What Makes A Community?

What Makes A Community?

During this short week of Jewish Enrichment in Center City, we shared our own Rosh Hashanah celebrations and gave thought to the question: what makes up a community?

Some kiddos in Garinim thought that a community was:

  • A school or afterschool
  • A group of people, plants, and animals
  • A school inside of a school

How do we make a community?

  • Plant trees
  • Keep the environment clean
  • Take care of the space
  • Bring presents like new legos
  • Give gifts based on the specific people who are part of the community and their interests

How can we welcome someone who is new to a community?

  • Say, “Welcome!”
  • Say, “Hi! Do you want to be my friend?”
  • Show them where to go.
  • Talk to them about the community.
  • Hugs! 

What are things we need while we’re at Makom Community that we can help each other get?

  • Fire hydrants and other physical safety equipment
  • Fidget tools
  • Blankets and pillows and cozy things
  • Manners
  • Space to talk and listen
  • Trust each other
  • Brit agreements about how we treat each other

After brainstorming this list together, kiddos had the opportunity to build, draw, or act how we help each other get these needs met. Two kiddos put on a very sweet dramatic representation of asking each other to play and setting up a favorite board game. One kiddo built a fire hydrant out of legos. Another kiddo drew a picture of her favorite cozy spots and materials.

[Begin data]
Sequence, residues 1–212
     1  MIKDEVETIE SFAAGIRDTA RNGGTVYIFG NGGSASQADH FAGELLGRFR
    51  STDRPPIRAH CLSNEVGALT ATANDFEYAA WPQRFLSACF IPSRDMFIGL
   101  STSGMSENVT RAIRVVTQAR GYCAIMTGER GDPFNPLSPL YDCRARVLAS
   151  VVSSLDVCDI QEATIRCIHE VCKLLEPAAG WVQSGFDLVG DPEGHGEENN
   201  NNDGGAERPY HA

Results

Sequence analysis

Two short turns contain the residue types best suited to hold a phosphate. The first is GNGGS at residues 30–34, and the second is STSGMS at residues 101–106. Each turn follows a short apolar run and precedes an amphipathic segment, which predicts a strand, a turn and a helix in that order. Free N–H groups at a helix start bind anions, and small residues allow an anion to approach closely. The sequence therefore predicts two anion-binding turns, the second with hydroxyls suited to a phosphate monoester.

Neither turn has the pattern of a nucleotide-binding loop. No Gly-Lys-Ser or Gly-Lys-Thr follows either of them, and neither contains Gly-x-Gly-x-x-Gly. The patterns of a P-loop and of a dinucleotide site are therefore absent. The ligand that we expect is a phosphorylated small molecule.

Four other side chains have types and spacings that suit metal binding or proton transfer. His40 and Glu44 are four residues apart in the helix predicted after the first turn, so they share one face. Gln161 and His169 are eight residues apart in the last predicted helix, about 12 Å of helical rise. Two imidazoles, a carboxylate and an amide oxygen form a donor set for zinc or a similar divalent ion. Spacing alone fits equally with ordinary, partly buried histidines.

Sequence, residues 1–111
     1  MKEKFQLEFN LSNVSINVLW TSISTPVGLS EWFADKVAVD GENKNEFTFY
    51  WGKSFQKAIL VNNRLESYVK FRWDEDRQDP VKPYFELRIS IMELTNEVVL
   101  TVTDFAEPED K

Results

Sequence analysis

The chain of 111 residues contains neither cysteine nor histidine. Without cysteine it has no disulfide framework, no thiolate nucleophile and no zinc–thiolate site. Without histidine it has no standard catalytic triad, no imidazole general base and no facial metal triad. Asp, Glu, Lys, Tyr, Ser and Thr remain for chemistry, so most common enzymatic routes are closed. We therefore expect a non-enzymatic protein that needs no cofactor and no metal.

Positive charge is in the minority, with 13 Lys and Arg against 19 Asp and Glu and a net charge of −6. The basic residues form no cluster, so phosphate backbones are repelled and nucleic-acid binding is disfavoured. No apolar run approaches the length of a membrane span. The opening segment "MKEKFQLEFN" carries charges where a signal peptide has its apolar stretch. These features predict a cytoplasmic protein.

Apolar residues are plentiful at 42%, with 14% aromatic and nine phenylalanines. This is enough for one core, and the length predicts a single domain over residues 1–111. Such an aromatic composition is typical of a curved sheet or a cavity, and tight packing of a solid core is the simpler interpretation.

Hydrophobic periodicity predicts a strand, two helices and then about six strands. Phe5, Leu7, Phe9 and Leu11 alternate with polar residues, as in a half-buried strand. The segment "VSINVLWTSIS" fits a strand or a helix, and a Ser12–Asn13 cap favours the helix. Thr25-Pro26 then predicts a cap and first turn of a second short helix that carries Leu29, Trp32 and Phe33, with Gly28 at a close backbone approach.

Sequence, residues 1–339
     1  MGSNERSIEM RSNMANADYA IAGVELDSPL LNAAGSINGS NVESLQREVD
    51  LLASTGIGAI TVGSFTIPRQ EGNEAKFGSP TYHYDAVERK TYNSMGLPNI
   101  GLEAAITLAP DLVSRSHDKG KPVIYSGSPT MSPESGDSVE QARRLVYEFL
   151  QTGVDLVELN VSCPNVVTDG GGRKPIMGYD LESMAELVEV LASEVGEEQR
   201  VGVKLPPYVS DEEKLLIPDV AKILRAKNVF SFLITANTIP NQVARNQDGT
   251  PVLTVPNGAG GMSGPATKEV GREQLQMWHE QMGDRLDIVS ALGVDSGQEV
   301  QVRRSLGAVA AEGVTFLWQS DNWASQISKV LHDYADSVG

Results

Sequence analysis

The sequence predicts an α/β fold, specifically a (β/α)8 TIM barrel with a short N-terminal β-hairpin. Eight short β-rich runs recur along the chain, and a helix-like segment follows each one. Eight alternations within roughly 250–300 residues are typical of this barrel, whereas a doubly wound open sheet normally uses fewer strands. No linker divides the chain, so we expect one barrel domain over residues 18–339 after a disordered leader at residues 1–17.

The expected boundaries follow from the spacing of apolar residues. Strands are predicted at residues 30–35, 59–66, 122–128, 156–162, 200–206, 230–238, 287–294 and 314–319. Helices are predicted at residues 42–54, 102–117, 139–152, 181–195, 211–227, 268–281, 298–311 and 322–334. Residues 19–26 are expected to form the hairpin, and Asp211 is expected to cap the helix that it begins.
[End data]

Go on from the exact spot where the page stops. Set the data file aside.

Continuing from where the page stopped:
After reading The Big Orange Splot and brainstorming about community, our Shorashim learners reflected on what would be in their ideal community, and mapped out their dream home or community with markers and giant paper. We were struck that within each table group, common themes or aesthetics emerged; kids created dream houses that seemed to be in communication with those of the people directly around them. For example, one table drew houses or structures that were based on animal or other natural forms, while another drew brightly colored, patterned houses. Many kids made homes on wheels, or with wings that could move. There were many differences in kids’ designs: some neighborhoods looked neat, and some chaotic, some had huge houses, and others tiny condos. Some decided to make their homes resistant to climate change, or include a magical hospital that can keep anyone alive. Some made flavored drinkable lakes. A house might take care of the habitat around it in some way, or be a rescue robot.  Across the board, a lot of thought was given to creating homes or communities that promote sustainability and well-being for the people who live there. 

Nitzanim kicked off the day with a reading of Bone Button Borscht, a story about working together as a community, as we related it to this week’s text. Kiddos shared different communities that they are a part of, including their neighborhoods, schools, Makom, and our Nitzanim group itself! We then made our own Nitzanim “Bone Button Borscht” where kiddos came up with their own ingredients for what makes a community. After writing ingredients like friendship, trust, and honesty, each kiddo added them to our Community Borscht. Nitzanim also started our Taschlich garden, in which we wrote things we want to leave behind as we enter the new year on pieces of paper, and dipped them in water to fade/wash away. These will be made into flower shapes and hung up in our room, as a reminder of what we want to work on as we grow in the new year. 

We reflected on what holy meant to us and one kiddo said, ““If you go to a place and make memories there, then it is holy. When you go back to that place, it’s still holy”.

It was so amazing to hear and see what our learners thought about what community meant to them. We can’t wait to see what next week has in store!

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